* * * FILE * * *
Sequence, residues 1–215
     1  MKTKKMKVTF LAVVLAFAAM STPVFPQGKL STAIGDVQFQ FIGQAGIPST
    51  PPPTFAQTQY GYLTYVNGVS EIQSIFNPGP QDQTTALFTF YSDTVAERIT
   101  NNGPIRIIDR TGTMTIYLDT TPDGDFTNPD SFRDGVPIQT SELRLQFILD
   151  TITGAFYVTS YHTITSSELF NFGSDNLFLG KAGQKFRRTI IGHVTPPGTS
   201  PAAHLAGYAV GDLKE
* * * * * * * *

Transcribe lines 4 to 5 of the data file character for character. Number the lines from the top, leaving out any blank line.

   101  NNGPIRIIDR TGTMTIYLDT TPDGDFTNPD SFRDGVPIQT SELRLQFILD
   151  TITGAFYVTS YHTITSSELF NFGSDNLFLG KAGQKFRRTI IGHVTPPGTS